“We’re going to show you how to copy that stack of audio discs onto your desktop or laptop so you can enjoy your favourite tracks while you work, surf or just potter around. If you decide to invest in a pocket-sized portable digital music player such as the inimitable iPod – so you can take those tunes with you – then all the better. But let’s start with the basics,” David Flynn writes for The Sydney Morning Herald.
Flynn writes, “Before copying your first CD, we strongly suggest you ensure your software is set to record the tracks as MP3 files. These can be enjoyed on any digital music player, along with most home DVD decks (if the tracks are copied back onto a CD) and an increasing number of car CD players. They can also be copied over and over, and shared around between people – handy for you but not an idea that pleases the music industry.”
Flynn writes, “That’s why copy-protected music formats (the jargon here is Digital Rights Management or DRM) came into being in the shape of the Advanced Audio Coding (AAC) format of Apple’s iTunes and Microsoft’s own Windows Media Audio (WMA) format. As a sop to the record industry, iTunes and Windows Media Player set their respective copy-protected formats as the default format for ripping. If you slap down that default setting and change it to MP3, you’ll be able to play your music on any PC, any digital music player and anywhere else you choose.”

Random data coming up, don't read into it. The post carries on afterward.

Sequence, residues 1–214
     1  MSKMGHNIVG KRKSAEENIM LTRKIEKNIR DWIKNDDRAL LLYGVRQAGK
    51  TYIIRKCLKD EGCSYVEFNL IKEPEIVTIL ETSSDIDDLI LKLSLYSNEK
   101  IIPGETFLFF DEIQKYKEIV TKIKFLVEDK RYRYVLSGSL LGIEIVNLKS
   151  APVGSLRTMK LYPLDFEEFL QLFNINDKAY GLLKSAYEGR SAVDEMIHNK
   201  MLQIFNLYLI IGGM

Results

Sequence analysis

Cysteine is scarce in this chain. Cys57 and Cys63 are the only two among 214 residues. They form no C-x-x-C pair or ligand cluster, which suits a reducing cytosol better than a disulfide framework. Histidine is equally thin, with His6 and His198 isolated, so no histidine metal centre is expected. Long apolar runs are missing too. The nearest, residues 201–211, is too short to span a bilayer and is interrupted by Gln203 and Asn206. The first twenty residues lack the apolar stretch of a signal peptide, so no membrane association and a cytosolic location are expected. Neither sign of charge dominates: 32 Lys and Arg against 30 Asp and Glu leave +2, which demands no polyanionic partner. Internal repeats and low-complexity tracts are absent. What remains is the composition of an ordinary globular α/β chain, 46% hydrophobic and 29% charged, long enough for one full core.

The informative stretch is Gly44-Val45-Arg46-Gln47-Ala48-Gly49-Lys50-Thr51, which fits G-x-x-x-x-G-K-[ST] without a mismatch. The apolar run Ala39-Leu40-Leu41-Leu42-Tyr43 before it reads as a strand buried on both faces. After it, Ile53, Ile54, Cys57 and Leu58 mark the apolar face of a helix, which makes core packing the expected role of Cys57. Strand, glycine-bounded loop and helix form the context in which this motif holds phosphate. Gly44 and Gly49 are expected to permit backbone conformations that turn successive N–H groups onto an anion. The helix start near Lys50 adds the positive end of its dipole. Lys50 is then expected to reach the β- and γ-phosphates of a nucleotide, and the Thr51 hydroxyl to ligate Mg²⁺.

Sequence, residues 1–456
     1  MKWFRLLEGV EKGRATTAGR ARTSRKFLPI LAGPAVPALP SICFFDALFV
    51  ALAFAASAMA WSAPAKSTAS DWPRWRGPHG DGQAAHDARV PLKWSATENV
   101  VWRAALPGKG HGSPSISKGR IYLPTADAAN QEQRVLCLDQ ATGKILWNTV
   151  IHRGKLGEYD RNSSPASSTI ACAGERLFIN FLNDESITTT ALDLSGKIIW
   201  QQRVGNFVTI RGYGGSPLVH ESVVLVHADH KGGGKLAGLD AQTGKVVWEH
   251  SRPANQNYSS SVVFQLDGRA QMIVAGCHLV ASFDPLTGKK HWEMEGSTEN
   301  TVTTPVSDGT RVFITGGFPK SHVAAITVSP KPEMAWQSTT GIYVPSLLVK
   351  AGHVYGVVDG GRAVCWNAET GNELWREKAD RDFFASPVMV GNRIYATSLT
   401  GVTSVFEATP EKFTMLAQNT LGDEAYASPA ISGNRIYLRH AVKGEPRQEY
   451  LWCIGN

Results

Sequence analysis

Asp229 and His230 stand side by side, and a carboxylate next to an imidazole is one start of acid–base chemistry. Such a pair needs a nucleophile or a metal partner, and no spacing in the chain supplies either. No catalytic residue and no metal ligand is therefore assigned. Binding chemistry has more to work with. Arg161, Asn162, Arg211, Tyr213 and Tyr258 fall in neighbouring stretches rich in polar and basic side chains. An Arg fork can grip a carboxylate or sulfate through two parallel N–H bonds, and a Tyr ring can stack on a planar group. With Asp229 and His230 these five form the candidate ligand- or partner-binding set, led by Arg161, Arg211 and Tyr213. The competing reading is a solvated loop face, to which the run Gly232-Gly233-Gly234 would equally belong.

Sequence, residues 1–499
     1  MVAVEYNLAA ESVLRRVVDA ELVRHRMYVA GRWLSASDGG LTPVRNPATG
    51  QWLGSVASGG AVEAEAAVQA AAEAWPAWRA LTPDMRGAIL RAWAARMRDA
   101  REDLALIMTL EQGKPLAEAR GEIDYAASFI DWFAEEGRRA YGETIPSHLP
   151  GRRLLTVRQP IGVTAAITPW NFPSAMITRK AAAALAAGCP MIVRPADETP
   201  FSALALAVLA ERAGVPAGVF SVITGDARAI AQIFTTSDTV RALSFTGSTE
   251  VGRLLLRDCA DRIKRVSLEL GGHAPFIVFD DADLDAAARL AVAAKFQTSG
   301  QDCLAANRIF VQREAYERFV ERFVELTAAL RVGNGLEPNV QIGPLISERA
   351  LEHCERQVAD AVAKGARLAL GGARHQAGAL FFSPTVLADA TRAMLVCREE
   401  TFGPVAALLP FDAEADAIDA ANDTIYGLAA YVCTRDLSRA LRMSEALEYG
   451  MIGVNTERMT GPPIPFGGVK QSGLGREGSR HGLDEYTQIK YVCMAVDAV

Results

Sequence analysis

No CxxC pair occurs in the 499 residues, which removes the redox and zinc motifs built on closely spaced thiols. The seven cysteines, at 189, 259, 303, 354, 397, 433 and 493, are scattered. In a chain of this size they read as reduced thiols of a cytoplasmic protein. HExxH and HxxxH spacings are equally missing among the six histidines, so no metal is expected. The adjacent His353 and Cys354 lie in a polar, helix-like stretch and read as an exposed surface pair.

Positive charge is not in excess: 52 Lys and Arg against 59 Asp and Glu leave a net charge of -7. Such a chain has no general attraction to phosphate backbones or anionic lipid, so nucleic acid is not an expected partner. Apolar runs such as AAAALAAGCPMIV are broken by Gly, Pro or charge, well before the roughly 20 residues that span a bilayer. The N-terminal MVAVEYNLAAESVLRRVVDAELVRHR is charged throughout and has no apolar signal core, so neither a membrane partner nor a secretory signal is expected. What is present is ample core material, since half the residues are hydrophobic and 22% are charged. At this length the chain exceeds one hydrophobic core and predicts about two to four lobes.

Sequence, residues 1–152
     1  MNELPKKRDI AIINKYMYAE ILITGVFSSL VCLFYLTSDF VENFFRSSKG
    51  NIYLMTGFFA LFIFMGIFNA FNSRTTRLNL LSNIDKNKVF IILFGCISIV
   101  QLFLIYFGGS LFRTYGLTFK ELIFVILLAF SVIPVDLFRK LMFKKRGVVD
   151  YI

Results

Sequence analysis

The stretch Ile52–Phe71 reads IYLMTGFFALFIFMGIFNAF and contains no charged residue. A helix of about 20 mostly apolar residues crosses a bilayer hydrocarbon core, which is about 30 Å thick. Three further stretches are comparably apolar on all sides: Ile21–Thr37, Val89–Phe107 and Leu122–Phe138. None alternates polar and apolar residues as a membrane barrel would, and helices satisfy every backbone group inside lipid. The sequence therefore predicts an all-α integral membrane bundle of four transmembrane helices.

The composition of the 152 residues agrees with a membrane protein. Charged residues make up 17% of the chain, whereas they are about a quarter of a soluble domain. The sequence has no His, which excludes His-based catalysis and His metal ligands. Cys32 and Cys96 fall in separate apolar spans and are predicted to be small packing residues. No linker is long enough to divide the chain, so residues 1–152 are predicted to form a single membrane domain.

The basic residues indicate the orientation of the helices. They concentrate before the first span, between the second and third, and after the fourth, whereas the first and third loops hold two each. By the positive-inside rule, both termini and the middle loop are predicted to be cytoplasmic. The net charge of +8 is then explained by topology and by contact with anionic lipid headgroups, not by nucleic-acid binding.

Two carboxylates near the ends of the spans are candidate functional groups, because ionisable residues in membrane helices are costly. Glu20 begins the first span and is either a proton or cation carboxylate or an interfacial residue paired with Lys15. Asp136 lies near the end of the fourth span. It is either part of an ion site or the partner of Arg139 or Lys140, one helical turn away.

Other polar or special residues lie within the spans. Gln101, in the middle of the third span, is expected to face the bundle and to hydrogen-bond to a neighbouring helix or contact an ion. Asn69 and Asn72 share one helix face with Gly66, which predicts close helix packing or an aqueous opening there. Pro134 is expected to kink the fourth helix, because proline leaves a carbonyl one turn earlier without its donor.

MacDailyNews Note: Flynn’s advice and facts are incorrect. AAC is not “Apple’s copy-protected music format.” AAC is an audio codec that is superior to the old MP3. Think of it as MP4 Audio, because that’s what it is. It has nothing whatsoever to do with DRM (Apple’s DRM is called “FairPlay.”) We recommend ripping into AAC as it offers higher quality and smaller file sizes than MP3. More about AAC here: http://www.apple.com/quicktime/technologies/aac/
Flynn continues, “In what we hope is the start of a trend away from locked-in formats and towards freedom of choice, Apple says it will soon sell MP3 versions of songs from the EMI catalogue…”
MacDailyNews Note: Actually, Apple will soon sell AAC files without FairPlay DRM. Apple won’t soon be selling MP3s – just like Exxon won’t soon be selling leaded gas. Before David Flynn decides to dispense advice in the newspaper, we advise that he first learn at least a little about the subjects he’ll be covering.
Full article here.